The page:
🎣 Formative assessment should be used to assess the range and security of knowledge, conceptual and chronology.

🤔 Teachers need to make decisions about what content to prioritise when assessing formatively, and it is likely that this should include important, highly generative knowledge.

🕵🏾‍♀️ Whatever is assessed must allow teachers to draw valid inferences about pupils’ current levels of understanding.

📝 When assessing disciplinary knowledge, a similar approach should be taken. It is important to provide specific feedback based on the specific content of what is being assessed.

✅ It is unlikely that skills ladders or generic approaches to assessment could capture the interplay between different layers of knowledge that pupils will be drawing upon.

⏰ Leaders should ensure sufficient curriculum time for history, made in the context of the required breadth of the curriculum.

🖌 Where schools use generic models of progression, they should avoid uncritical application of such models to history, which might fail to take into account the precise requirements of effective curriculum design.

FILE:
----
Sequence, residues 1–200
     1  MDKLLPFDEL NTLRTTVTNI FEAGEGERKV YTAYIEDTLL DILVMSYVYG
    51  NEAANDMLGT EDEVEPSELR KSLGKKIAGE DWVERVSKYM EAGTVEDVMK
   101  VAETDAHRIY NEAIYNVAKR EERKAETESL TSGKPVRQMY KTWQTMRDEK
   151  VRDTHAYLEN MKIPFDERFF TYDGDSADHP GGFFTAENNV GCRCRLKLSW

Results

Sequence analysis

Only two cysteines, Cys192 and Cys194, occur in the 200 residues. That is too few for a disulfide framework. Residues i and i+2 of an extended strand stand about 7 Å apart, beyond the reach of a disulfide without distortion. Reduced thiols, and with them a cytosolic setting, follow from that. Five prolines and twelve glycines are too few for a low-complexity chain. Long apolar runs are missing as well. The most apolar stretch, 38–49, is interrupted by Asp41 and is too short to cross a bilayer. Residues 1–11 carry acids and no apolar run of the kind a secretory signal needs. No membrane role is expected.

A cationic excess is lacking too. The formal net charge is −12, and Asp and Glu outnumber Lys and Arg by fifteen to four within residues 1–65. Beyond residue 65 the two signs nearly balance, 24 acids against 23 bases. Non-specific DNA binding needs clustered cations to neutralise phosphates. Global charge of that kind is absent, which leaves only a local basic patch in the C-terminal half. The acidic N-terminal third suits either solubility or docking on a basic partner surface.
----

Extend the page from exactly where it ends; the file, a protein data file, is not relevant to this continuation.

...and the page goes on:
🧠What makes a significant different to the quality of the curriculum is the content knowledge of teachers as well as their pedagogical content knowledge - how much they know about how to teach the content of the curriculum.

🏅CPD is a driver of curriculum effectiveness.

research history ks2

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HIstory Lessons, Resources and Activities

Lessons and Activities

Lesson plans and activity ideas for history teachers. Our range of resources for history teachers at KS2, KS3, GCSE and A-Level history. Each lesson provides detail, sources and a range of questions or discussion points. Some have accompanying worksheets or PowerPoint presentations, others do not need them. 

History Classroom Posters (Pack 1)

History Classroom Posters (Pack 2)

Bundle – Both of the above at a special offer price

Using Source Material

How to Evaluate a Historical Source

Lindow Man: How did Pete Marsh Die?

Primary History Resources: Key Stage 2